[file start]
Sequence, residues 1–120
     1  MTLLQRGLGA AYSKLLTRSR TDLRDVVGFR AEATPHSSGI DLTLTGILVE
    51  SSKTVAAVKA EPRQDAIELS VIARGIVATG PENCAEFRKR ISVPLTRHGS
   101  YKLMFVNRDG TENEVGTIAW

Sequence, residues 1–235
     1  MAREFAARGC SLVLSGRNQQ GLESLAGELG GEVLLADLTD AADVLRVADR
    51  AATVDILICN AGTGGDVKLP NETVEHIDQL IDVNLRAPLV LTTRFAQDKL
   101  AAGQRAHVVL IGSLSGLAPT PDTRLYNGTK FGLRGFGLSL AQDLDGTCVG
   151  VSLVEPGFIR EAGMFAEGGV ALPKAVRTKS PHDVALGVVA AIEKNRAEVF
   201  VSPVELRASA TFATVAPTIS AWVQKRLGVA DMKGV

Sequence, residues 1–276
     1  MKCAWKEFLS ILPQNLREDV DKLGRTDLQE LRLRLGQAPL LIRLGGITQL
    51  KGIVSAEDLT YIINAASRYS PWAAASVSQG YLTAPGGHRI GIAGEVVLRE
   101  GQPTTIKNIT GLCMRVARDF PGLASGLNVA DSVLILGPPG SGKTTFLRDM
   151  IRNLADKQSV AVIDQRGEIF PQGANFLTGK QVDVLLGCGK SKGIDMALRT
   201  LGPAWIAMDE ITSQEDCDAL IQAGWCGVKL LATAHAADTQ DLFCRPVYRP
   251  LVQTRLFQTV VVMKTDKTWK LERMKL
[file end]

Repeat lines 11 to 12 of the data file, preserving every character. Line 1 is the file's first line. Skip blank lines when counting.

Sequence, residues 1–276
     1  MKCAWKEFLS ILPQNLREDV DKLGRTDLQE LRLRLGQAPL LIRLGGITQL